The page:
A rare first edition of an influential science fiction novel that tells the story of an American soldier’s journey across the planet Mars, has been acquired by the Science Fiction Foundation Collection at the University of Liverpool.
The book, Lieut. Gullivar Jones: His Vacation, was poorly received upon publication in 1905, but has since earned a reputation as one of the most important works of 20th century science fiction. Obtained by the Science Fiction Foundation through a bequest from the late Ken Slater – one of science fiction’s foremost book dealers – the book is now part of the collection at the University’s Sydney Jones Library which is home to the largest collection of science fiction books, periodicals and archives in Europe.
The book was written by British writer Edwin L. Arnold and tells the story of an American soldier fighting his way across a utopian vision of Mars to win the love of a beautiful princess. It is considered a staple work in the ‘interplanetary romance’ subgenre and is considered a forerunner to the best-selling ‘John Carter of Mars’ series by Tarzan creator Edgar Rice Burroughs. First edition copies are extremely rare and have been known to attract valuations of more than £1,000 at auction.
Gullivar Jones was reprinted and renamed in the 1960s as Gullivar of Mars, and gained critical and commercial success at a time when many science fiction writers were inspired by the reality of space exploration. Scholars will now be able to access the work for research into the development of 20th century science fiction.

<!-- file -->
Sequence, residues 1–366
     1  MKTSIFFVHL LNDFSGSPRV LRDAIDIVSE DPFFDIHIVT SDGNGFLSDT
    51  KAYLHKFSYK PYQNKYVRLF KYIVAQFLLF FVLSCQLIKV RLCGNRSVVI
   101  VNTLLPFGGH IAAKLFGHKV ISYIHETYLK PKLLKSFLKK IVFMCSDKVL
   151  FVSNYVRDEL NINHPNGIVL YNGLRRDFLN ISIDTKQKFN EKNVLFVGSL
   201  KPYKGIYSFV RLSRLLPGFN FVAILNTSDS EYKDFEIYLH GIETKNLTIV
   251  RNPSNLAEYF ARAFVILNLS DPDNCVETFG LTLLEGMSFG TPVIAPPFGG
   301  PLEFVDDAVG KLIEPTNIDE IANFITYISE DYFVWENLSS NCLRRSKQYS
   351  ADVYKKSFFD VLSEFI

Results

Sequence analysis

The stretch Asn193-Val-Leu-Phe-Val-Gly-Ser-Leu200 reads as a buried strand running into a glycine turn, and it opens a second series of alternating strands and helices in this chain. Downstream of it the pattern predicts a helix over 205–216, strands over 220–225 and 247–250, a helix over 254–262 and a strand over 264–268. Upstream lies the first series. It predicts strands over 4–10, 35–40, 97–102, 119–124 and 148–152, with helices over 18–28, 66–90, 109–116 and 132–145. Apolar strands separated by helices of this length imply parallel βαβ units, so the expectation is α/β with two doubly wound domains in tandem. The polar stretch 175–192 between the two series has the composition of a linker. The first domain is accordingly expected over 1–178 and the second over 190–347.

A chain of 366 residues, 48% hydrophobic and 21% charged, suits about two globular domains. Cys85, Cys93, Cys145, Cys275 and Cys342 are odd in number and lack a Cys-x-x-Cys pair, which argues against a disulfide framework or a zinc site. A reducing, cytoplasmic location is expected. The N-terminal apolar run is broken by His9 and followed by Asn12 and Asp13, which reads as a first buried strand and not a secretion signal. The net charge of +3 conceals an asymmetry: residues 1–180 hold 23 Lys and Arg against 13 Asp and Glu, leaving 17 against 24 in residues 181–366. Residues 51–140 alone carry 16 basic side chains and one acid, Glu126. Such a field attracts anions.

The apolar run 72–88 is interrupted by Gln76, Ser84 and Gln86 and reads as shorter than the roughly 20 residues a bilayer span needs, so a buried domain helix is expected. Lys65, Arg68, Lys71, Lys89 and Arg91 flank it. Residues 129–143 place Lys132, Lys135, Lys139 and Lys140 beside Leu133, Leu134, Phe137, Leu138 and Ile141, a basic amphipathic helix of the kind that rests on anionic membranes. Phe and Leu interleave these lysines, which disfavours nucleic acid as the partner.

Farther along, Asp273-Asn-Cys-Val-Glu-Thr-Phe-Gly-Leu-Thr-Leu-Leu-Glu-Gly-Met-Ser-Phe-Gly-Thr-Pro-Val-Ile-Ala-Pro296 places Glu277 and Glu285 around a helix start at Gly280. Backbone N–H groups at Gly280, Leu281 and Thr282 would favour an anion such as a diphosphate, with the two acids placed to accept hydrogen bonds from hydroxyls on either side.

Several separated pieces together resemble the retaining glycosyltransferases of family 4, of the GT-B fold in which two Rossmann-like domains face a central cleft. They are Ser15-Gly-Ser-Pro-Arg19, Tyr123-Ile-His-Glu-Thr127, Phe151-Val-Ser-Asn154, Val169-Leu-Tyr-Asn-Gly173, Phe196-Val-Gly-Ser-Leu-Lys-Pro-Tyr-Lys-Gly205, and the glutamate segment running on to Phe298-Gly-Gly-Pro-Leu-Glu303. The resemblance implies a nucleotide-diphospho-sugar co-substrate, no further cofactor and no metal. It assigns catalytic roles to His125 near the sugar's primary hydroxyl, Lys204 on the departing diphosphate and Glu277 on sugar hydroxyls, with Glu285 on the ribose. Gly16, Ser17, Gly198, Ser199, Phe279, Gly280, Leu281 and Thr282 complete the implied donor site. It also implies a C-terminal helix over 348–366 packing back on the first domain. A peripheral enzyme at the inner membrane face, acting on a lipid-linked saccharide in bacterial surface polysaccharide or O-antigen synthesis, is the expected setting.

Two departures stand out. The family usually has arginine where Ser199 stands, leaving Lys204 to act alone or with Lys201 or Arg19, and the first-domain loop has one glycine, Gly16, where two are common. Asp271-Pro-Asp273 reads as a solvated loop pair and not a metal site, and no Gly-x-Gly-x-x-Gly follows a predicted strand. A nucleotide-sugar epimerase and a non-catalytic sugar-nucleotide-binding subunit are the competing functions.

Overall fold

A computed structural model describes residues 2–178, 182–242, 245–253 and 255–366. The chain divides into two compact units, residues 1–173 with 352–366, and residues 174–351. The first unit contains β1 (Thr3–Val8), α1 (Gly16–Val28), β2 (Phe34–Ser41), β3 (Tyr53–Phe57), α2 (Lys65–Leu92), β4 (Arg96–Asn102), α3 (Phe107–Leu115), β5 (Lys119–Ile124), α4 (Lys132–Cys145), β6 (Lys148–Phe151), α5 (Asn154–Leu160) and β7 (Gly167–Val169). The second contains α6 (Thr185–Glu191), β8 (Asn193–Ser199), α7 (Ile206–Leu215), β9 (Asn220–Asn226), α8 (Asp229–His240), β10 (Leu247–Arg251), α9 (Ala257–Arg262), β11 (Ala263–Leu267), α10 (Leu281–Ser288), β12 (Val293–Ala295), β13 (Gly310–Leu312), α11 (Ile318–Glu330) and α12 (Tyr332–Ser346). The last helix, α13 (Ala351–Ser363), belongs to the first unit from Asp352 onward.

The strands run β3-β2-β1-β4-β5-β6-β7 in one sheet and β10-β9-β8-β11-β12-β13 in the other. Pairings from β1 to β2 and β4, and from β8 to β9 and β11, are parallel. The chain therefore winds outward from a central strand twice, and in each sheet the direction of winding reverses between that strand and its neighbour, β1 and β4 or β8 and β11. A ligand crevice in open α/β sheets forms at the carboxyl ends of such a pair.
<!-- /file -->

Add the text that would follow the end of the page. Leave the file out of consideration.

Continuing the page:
The University’s Science Fiction Librarian, Andy Sawyer, explains: “In the wake of highly successful invasion stories, such as H.G. Wells’ War of the Worlds, Gullivar Jones made very little impact on the genre despite Arnold’s popular historical fantasies. As more scientific research emerged about the possibilities of life on other planets, interest in space and alien fantasy stories began to grow, particularly with heroes such as Burroughs’ ‘John Carter’, who first appeared in 1912. This seemed to revive interest in Gullivar Jones, due to the similarities between the heroes’ adventures and it was eventually reprinted in the 1960s and 1970s for a larger audience.
“Due to the lack of interest in the original publication of Gullivar Jones, however, the first edition of the book became rare and collectors have not seen a copy come up for sale for more than 20 years. Without the generous bequest of Ken Slater, the book may never have become accessible to science fiction researchers and enthusiasts.”
Until his death Ken Slater ran the book and magazine service Fantast/Medway, which served as a major importer of American science fiction into Britain since the 1940s.
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